Tear gas was fired and an overnight curfew imposed amid anger at the fatal shooting. Also: Iran vows 'to avenge Israeli attack' on its nuclear site, and remembering Yuri Gagarin - the first man in space.
Teheran said the plant had been hit by what it called a terrorist act. There’s been no official Israeli comment. Also, the US Secretary of State says he has real concerns about Russia's military build-up on its border with Ukraine, and an iconic Moscow food hall shuts up shop.
In his first public statement since the Duke of Edinburgh’s death, Prince Charles says his father gave “the most remarkable, devoted service” to his family, to Britain, and to the Commonwealth. Also, thousands of people flee their homes after a volcanic eruption on the Caribbean island of St. Vincent. And a United Nations official warns that Myanmar could be headed toward civil war after February’s military coup.
Prince Philip was the longest serving consort in British history, having been married to Queen Elizabeth for seventy- three years. The Palace said he died peacefully at Windsor Castle on Friday morning. It's been confirmed that his funeral will not be a state occasion -- in line with his wishes. Also: A volcanic eruption has blanketed the Caribbean island of St Vincent in ash and, a landmark effort by Amazon workers to form a union chapter at their warehouse in the US state of Alabama appears to have been defeated.
In this special edition, we mark the death of Prince Philip - the Duke of Edinburgh. Jackie Leonard looks back at the life of Queen Elizabeth's husband, his place in British history and his contribution to the monarchy.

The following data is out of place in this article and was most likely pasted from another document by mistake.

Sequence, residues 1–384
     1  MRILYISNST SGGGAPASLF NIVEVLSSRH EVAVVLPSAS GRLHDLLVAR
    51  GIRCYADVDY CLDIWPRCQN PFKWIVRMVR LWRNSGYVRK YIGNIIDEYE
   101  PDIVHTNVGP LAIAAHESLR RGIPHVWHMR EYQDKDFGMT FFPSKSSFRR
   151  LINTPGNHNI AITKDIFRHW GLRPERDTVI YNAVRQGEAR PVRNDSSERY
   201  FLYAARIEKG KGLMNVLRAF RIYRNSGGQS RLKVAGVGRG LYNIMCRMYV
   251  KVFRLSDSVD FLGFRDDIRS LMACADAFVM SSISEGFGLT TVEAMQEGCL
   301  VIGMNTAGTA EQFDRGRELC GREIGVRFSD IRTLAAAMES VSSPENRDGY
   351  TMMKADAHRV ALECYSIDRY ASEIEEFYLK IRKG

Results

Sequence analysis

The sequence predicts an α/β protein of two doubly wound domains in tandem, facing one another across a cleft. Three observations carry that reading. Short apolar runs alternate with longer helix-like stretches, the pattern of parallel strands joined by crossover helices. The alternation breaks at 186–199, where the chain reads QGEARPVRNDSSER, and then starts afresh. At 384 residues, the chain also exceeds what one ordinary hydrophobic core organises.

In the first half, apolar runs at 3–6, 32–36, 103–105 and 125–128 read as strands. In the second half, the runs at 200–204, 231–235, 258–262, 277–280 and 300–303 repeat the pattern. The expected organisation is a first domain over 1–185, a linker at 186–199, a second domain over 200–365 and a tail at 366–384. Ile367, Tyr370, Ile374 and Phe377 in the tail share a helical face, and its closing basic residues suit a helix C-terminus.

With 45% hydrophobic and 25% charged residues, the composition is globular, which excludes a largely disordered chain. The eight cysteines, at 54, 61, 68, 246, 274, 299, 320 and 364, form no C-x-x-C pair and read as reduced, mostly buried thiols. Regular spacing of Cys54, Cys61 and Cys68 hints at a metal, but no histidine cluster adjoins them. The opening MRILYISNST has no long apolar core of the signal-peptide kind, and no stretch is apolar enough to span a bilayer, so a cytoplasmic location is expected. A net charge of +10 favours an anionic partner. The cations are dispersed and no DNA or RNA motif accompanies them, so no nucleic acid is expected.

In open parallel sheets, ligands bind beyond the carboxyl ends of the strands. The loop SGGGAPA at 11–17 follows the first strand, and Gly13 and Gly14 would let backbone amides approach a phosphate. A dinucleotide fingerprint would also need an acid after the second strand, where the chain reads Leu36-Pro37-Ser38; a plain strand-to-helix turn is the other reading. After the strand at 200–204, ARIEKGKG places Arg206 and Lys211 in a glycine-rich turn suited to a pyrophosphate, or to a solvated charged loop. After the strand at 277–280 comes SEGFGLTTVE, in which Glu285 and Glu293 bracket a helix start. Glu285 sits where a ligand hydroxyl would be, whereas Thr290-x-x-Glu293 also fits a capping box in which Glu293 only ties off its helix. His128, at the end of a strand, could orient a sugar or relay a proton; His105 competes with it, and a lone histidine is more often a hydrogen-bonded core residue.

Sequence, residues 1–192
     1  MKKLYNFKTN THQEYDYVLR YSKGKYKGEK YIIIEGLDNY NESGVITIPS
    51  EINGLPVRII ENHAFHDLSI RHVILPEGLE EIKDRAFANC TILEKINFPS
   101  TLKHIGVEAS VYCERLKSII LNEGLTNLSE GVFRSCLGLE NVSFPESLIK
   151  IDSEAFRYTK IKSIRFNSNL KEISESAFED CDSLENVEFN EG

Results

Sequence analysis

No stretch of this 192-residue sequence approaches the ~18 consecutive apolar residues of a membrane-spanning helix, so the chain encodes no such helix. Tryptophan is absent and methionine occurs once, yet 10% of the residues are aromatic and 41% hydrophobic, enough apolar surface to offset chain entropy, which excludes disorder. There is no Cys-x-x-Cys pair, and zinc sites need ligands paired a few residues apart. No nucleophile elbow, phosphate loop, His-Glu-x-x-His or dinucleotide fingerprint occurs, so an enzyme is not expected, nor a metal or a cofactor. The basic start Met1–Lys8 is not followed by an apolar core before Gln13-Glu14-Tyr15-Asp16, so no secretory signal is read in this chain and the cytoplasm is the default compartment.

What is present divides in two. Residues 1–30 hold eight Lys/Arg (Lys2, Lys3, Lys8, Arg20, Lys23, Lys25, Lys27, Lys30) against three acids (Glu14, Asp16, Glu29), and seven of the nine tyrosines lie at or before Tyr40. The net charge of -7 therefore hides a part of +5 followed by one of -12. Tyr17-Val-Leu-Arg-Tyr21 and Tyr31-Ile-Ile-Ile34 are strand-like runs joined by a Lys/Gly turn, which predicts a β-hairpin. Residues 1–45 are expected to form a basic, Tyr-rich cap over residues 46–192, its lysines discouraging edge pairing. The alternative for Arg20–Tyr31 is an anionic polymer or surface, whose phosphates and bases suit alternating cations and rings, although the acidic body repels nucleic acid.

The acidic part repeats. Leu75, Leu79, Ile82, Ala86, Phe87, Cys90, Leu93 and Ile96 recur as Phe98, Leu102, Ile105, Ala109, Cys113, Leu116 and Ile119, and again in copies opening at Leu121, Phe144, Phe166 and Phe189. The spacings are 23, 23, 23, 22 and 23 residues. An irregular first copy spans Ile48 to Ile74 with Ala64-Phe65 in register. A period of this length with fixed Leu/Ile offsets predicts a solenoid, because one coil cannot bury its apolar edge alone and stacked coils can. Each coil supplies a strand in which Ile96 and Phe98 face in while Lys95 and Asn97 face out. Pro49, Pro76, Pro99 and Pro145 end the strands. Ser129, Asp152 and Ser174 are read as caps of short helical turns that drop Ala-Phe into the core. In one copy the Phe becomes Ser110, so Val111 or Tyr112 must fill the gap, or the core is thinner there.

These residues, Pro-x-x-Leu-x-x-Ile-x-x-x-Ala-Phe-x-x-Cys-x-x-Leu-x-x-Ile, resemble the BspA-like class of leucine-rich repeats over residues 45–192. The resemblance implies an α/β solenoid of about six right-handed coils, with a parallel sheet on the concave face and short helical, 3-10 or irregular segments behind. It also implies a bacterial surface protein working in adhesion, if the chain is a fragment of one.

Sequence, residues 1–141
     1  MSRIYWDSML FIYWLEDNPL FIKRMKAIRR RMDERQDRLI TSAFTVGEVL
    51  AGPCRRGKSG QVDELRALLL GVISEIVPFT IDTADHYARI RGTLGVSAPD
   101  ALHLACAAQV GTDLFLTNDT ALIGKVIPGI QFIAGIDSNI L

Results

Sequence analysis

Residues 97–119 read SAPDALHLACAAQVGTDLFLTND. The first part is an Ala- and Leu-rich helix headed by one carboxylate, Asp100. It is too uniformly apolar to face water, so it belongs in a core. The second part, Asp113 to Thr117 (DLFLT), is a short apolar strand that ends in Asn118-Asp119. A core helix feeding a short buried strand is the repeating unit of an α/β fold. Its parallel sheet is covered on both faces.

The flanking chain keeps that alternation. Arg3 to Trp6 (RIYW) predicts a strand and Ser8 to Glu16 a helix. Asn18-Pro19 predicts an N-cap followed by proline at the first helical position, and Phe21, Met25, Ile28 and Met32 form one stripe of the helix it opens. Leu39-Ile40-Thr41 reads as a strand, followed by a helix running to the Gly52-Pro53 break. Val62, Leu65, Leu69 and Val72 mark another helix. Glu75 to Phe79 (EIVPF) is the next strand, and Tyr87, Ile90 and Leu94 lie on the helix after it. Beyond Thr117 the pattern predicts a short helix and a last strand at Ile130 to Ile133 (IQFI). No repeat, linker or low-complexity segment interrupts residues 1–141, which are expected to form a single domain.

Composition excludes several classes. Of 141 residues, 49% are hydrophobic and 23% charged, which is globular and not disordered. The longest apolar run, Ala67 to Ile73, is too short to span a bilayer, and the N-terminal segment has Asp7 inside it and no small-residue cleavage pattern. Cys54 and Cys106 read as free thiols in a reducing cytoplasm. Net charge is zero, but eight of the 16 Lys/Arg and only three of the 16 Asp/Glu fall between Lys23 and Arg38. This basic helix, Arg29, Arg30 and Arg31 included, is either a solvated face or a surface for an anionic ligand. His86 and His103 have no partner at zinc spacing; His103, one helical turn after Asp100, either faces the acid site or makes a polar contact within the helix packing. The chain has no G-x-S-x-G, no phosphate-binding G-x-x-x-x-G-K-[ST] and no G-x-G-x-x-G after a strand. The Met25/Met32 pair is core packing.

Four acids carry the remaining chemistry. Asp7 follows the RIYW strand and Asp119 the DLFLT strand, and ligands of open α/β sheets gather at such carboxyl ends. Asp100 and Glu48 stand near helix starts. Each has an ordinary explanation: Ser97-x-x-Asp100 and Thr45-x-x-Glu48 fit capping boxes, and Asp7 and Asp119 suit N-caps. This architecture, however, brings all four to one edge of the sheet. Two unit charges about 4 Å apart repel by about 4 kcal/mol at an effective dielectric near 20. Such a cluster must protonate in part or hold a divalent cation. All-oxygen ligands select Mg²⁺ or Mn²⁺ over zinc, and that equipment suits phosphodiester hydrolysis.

The president says gun violence has reached epidemic proportions in the United States, also, French president Macron closes the elite school ENA, and the trouble with Peppa Pig in China.
Countries across the world have changed their advice on who should have the AstraZeneca vaccine. Also, Call My Agent star joins plea to reopen French theatres, and mind altering art - we find out why prehistoric cave painters chose such remote chambers.
A review finds a "plausible" link to rare blood clots but says the AstraZeneca vaccine remains beneficial for most people. Also: Myanmar ambassador to UK "locked out" of embassy, and "strong evidence" found for a new force of nature.
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Podcast Details

Created by
BBC
Podcast Status
Active
Started
Jan 4th, 2017
Latest Episode
Apr 12th, 2021
Release Period
Daily
Episodes
2561
Avg. Episode Length
29 minutes
Explicit
No
Language
English